PRC Guides

The PRC has also commissioned a number of guides, click on headings to access the full guides: 

open accesslicensing Open Access Licensing

A legal perspective for authors, publishers, funders, repository platform operators, and other stakeholders in the communication of science

Carlo Scollo Lavizzari and René Viljoen (2015)

The licensing of open access publication is an evolving concern for which no practical guide yet exists. This short and we hope readable perspective serves as an introduction to the issues involved for all those concerned with scholarly communication, and in particular for those involved with the drafting and appraisal of licences and publishing agreements. It covers the complex inter-dependence of copyright licensing, publishing agreements, and open access or other licences ‘downstream’. For a full understanding there is much ground to be covered, including: the landscape of open access; the concept of copyright; the nature of publishing agreements; the principles behind open access licensing; and the impact of other agreements that affect scholarly practitioners.The guide concludes with some recommendations and opinions to steer sustainable open access licensing, and offers a checklist of concerns for all actors involved with open access publication..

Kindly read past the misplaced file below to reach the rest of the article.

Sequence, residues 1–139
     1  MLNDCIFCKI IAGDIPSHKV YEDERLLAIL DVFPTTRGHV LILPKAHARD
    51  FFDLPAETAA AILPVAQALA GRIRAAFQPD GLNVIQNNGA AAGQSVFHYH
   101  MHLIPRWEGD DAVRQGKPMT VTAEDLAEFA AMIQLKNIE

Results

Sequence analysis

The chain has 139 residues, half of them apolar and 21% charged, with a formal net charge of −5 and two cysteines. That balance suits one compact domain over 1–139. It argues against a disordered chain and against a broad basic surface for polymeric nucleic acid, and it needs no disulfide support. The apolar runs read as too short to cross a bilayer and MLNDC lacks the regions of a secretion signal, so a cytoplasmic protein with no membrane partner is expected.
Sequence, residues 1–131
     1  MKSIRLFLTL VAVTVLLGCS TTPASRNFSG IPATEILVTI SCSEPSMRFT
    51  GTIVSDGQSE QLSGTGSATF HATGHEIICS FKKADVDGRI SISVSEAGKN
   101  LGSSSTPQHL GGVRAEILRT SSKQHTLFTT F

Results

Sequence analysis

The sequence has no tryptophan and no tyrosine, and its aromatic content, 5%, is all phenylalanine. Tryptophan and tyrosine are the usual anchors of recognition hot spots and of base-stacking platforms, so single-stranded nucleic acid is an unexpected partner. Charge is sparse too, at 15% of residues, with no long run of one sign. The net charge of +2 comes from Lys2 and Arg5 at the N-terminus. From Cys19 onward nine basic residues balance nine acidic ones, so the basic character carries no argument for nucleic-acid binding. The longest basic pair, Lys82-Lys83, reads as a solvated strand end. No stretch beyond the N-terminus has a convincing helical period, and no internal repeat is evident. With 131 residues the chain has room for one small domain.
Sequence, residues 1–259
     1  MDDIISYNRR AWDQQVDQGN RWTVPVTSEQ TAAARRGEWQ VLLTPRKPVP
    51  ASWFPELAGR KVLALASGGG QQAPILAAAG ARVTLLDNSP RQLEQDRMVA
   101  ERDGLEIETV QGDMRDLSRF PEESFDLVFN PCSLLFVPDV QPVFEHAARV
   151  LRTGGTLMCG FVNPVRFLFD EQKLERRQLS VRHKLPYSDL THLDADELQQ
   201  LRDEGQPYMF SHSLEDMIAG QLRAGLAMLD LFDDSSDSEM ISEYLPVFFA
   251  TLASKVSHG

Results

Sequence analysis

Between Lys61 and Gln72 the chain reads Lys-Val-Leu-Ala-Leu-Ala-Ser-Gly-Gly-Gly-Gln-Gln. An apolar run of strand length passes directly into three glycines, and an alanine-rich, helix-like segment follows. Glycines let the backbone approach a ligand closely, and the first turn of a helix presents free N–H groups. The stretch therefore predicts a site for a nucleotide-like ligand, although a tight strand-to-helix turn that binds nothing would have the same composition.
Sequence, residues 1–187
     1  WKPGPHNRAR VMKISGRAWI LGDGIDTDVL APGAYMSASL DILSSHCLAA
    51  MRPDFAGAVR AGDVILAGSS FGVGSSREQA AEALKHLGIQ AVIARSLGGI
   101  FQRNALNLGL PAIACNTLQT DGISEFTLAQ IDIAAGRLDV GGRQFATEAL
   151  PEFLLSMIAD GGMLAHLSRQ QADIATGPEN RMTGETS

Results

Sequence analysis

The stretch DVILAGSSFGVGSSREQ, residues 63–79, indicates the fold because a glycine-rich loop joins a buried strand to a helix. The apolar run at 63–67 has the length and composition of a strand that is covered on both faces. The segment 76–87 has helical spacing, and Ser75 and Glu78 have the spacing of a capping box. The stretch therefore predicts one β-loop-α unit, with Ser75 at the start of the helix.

Peerreviewgraphic Peer Review: An Introduction and Guide

What is it? How does it work? What about misconduct? Is there an alternative?

Mark Ware ( 2013)

This guide offers a readable overview of the processes used in peer review that assesses its strengths and limitations and looks at alternative approaches that are now being developed and trialled.

Ware discusses why, although inevitably imperfect, peer review remains a vital element of scholarship and the means by which the quality benchmark that distinguishes scholarly discourse is established. The Guide describes the elements that make up the peer review process, the workflows and tracking systems, the issues around publication ethics, and the developments in post-publication review and altmetrics that may represent the direction peer review will take in the future.

The reader of this short Guide will be left with a coherent and forward-looking insight into the processes, the shortcomings and the innovations around peer review, and a deeper understanding of why peer review is )

PRCTextMiningandScholarlyPublishinFeb2013graphic Text Mining and Scholarly Publishing

What is text mining? Why do it and who is? How does it work? What do publishers need to do? 

Jonathan Clark (2013)

Text mining is generating a frenzy of debate in and around the scholarly publishing world. There are many questions swirling around, and few sources to consult. There are the usual misunderstandings and over-enthusiastic and unrealisitic expectations associated with technology hype, but text mining is thought to hold real benefits for the progress of science. This brief but comprehensive PRC Guide gives an overview of the issues, the challenges, the technology and the activity happening around text mining and brings the reader up to date with the debate.